Another Helicopter Jailbreak in Quebec
FILE- In this Thursday, May 10, 2012 file photo, Dublin Archbishop Diarmuid Martin attends a press conference, at the Vatican. A senior Catholic Church figure says Irelands government should establish a fact-finding probe into the churchs mistreatment and burial of babies that died in nun-operated homes for unmarried mothers. Dublin Archbishop Diarmuid Martin made his appeal Sunday following revelations that hundreds of children who died inside a former church residence for children born out of wedlock were buried in unmarked graves at the site. A researcher found records showing that 796 children, mostly infants, died at the home in Tuam, County Galway, from its 1925 opening to its 1962 closure. Local residents suspect they were interred in a nearby field, including in a disused septic tank. Martin said Ireland should investigate why so many children died in several long-closed homes for unwed mothers and how they were buried. (AP Photo/Andrew Medichini, file)
Montreal — The search widened Sunday for three inmates who escaped with the help of a helicopter from a detention center in Quebec City a day earlier.
It was the second helicopter-aided inmate escape in Quebec province in two years.
The three men escaped from the Orsainville Detention Centre in suburban Quebec City around 7:45 p.m. Saturday with the help of a green-colored helicopter.
The chopper landed in the courtyard of the detention center, which has barbed-wire fencing and a watch post, and then quickly took off with the three inmates, heading west toward Trois-Rivieres or Montreal, police said.
Authorities were put on alert across Quebec, in the rest of Canada, and in the United States, according to provincial police.
“We have co-operation with all the police forces across the country and abroad also,” said Sgt. Gregory Gomez. “We have many, many officers who are scattering all the areas possible. Investigators are, of course, checking every lead.”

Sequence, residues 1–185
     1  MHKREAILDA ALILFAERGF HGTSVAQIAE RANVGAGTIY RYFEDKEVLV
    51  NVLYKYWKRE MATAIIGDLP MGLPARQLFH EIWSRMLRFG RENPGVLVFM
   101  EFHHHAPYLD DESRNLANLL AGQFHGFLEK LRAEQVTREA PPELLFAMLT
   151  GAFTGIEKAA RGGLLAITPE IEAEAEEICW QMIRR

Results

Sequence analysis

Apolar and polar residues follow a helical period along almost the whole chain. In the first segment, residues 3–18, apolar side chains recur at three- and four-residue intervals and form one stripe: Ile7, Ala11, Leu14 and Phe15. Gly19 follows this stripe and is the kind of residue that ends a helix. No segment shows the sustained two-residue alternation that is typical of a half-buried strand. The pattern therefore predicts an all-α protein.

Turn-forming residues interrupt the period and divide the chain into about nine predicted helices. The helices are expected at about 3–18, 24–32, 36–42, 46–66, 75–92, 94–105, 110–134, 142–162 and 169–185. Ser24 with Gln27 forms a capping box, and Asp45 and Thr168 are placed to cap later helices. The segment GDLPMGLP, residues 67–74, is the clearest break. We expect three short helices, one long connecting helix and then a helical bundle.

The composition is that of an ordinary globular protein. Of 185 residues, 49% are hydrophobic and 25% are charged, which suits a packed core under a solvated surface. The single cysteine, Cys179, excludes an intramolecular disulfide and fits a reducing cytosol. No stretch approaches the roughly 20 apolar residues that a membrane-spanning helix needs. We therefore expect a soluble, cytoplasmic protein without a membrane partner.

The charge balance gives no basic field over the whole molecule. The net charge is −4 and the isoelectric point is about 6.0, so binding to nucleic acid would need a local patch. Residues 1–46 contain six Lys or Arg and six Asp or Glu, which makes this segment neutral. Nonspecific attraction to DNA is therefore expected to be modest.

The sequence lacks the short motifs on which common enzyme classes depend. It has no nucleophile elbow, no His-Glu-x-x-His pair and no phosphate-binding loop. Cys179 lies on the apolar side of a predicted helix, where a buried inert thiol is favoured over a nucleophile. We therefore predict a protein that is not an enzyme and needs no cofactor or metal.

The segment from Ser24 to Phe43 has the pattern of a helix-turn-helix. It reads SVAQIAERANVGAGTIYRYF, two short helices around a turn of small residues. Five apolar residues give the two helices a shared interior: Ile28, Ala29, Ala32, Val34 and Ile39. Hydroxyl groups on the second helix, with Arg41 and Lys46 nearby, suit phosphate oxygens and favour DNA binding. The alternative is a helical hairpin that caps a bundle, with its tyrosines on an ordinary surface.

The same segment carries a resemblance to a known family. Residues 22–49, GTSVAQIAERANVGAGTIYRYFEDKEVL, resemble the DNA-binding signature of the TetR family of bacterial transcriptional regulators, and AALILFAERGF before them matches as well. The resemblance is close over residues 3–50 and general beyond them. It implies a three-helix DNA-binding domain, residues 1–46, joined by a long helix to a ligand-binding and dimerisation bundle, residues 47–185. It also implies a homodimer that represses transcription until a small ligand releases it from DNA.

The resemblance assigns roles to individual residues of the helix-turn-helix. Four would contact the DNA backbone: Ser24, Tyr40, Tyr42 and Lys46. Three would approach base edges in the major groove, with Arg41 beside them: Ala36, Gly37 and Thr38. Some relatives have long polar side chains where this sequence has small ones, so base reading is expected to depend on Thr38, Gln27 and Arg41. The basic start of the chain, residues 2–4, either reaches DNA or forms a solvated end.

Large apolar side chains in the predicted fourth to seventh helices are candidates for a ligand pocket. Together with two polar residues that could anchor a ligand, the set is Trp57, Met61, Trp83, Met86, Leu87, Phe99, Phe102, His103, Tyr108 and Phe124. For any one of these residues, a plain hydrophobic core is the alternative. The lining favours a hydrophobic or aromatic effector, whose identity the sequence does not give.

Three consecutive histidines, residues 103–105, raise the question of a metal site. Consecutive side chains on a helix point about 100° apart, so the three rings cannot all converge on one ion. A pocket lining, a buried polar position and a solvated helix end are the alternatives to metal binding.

Police were reluctant to provide many details about their investigation for fear the escapees could be monitoring media reports.
The escapees —identified as Yves Denis, 35, Denis Lefebvre, 53, and Serge Pomerleau, 49 —were originally arrested on drug trafficking and gangsterism charges in 2010, according to police. Denis and Lefebvre were subsequently charged with murder, according to the Quebec provincial police website.
Police said the men were swept up in a major 2010 police operation dubbed Operation Ecrevisse (Project Crayfish), aimed at bringing down a drug trafficking ring in northwestern Quebec.
During the raid, police made 51 arrests and seized $905,000 Canadian and 4.4 pounds of cocaine, along with other drugs, police said. They also seized a plane and a helicopter.
The status of the men’s cases in the court system was not immediately clear. Provincial jails in Canada normally house people awaiting trial or those serving sentences of up to two years.
Police released photos of the three men on social media and appealed to the public for help, but warned anyone who spotted them not to approach and immediately contact police.
Audrey-Anne Bilodeau, another police spokeswoman, said Saturday that police were working with surrounding airports and Quebec’s Valcartier military base to help track down the helicopter.
The Orsainville Detention Centre, about six miles from the center of Quebec City, can hold up to 710 offenders.
In March of last year, a helicopter pilot was forced at gunpoint to pluck two inmates from the St-Jerome prison on a quiet Sunday afternoon. Two inmates climbed up a rope ladder into the hovering helicopter and fled.
Police caught the two escapees and the two suspects who hijacked the helicopter within a few hours of the escape.